In the second half of life our physical strength wanes, but our spiritual strength can increase. As one half of the hour glass drains, the other fills. To do this, we may need to exchange material ambitions for spiritual goals that can stretch our innermost selves and help us to continue to give to others and to realize the fullness of our human potential. This sacrifice is hinted at in the mythos of Midsummer – the solar king is wounded and his energy and strength must turn inwards to heal himself before he can heal the world.
The phoenix is a symbol of creative power. It recreates itself from fire; from the fire of its own energy it is reborn anew. At Midsummer the message is one of empowerment, and of our ability to transform ourselves. It is a message for spiritual maturity – no teacher, guru, priestess or priest, can perform this transformation for us. It is a transformation that is not gained without being willing to let go of the old self; to release the past to make way for the future. The phoenix offers itself up to itself and is reborn; from the ashes of the fire flies forth the new phoenix, the Morning Star of Ra.
Phoenix Rising Workshops
Vivianne Crowley is the author of Phoenix from the Flame: Living as a Pagan in the 21st Century. She and Chris Crowley run Phoenix Rising workshops on connecting to and working with phoenix energy. The next workshop dates are Saturday 2 July 2016 in Helsinki, Finland, contact: firstname.lastname@example.org; and Sunday 2 April 2017 in Rome, Italy, contact: email@example.com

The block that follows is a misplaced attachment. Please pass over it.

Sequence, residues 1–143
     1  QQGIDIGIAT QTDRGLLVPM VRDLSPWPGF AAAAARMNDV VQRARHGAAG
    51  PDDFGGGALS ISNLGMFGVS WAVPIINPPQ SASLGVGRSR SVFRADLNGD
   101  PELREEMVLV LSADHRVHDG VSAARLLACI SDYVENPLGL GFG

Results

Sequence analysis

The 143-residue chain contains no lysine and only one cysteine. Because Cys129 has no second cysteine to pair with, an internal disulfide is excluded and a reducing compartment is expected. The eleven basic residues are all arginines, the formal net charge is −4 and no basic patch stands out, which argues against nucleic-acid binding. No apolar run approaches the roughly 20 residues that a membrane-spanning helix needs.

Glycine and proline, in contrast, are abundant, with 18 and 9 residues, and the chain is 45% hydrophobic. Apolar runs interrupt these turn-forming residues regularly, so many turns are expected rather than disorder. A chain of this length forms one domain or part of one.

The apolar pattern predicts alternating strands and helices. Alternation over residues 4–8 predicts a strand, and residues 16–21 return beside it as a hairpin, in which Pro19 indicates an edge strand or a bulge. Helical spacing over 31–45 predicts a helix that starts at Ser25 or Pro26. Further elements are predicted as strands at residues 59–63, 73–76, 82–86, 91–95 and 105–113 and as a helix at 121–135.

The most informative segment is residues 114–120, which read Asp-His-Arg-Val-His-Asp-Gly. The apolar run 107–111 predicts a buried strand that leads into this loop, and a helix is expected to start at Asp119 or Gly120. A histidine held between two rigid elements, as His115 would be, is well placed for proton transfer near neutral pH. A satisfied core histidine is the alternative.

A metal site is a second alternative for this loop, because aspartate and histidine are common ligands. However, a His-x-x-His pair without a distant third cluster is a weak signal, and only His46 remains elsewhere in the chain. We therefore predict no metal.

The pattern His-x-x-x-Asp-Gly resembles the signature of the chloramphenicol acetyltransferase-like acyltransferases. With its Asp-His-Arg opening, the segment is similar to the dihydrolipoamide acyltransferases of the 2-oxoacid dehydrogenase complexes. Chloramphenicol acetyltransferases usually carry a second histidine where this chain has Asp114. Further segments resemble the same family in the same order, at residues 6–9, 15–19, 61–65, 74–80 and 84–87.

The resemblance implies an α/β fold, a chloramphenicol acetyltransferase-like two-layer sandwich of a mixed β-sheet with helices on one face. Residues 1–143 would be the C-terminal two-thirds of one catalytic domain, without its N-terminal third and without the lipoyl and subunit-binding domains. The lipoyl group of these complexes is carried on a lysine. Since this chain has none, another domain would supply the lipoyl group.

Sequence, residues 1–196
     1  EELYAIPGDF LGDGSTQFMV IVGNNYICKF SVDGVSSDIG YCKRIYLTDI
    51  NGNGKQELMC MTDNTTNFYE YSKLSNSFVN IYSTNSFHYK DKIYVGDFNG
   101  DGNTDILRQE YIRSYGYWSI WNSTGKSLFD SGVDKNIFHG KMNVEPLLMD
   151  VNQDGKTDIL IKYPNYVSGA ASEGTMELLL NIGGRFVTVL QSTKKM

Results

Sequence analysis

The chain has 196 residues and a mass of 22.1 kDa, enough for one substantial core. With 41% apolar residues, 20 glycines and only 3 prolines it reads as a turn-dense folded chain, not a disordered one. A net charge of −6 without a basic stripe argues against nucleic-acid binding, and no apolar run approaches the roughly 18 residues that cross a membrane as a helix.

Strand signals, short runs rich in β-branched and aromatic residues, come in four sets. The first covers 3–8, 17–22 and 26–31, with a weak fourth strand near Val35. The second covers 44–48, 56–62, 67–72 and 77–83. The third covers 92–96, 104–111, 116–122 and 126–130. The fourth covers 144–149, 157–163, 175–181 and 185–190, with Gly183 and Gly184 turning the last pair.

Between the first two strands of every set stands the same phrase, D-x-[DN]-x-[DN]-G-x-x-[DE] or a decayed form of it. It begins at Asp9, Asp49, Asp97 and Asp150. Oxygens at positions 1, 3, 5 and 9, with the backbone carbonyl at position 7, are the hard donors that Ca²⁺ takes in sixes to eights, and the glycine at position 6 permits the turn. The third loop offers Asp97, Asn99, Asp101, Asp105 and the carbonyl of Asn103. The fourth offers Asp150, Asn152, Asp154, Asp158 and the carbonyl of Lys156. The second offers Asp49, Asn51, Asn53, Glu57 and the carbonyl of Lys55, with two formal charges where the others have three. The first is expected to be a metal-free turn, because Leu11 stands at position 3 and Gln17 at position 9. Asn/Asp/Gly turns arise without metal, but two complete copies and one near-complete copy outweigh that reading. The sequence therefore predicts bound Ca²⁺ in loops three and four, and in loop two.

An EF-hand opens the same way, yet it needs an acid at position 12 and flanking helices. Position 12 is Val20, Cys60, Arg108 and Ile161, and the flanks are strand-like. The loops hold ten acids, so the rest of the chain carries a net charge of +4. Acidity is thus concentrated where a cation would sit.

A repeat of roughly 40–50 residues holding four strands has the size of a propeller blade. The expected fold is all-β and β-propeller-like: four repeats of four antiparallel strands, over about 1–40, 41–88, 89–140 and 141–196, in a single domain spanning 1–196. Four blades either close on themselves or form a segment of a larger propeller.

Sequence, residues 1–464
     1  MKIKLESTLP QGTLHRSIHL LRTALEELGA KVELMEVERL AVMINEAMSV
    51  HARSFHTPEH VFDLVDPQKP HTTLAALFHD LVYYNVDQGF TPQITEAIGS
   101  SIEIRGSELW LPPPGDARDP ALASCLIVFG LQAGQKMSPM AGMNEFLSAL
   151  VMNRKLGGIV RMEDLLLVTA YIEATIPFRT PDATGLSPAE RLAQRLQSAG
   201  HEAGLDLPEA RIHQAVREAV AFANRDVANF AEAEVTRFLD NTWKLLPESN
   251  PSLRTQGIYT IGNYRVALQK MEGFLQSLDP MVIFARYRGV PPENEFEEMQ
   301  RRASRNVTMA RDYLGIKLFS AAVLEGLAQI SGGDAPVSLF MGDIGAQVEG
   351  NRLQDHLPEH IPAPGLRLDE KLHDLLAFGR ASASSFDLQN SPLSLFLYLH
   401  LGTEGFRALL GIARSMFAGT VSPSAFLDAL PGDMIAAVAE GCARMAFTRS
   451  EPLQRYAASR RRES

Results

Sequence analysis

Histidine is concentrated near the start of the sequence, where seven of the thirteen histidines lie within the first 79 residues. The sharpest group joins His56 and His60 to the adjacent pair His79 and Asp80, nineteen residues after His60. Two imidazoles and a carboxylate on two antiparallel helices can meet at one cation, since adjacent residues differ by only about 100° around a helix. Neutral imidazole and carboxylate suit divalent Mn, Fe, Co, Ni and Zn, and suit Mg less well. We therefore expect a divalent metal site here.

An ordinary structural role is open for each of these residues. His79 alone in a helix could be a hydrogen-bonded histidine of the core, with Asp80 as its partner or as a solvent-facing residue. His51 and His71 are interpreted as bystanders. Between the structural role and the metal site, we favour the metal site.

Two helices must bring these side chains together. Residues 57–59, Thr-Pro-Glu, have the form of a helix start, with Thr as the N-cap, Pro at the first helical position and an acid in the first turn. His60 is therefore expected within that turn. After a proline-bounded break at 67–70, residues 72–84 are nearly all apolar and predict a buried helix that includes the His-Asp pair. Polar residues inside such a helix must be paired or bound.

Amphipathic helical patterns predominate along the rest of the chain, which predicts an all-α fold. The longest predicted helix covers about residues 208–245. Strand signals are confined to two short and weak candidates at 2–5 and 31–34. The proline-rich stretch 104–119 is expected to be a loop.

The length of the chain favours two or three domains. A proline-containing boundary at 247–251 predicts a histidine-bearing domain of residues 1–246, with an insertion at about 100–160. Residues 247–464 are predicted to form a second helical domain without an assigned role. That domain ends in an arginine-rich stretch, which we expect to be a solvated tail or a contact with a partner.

Crowley, Vivianne. 2000. Carl Jung: Journey of transformation – an illustrated biography. Wheaton, Illinois: Quest.
—. 1994. Phoenix from the flame: Living as a Pagan in the 21st century. London: Thorsons/HarperCollins.
Jung, Carl G. 1930/1. The Stages of Life. Vol. 8, in The Collected Works of C.G. Jung, Vol. 8, The Structure and Dynamics of the Psyche., by Carl G. Jung. 1969 ed. First published 1960. London: Routledge & Kegan Paul.
Lane Fox, Robin. 1986. Pagans and Christians: In the Mediterranean World from the Second Century AD to the Conversion of Constantine. London: Penguin.
Phoenix Painting, Property of Vivianne Crowley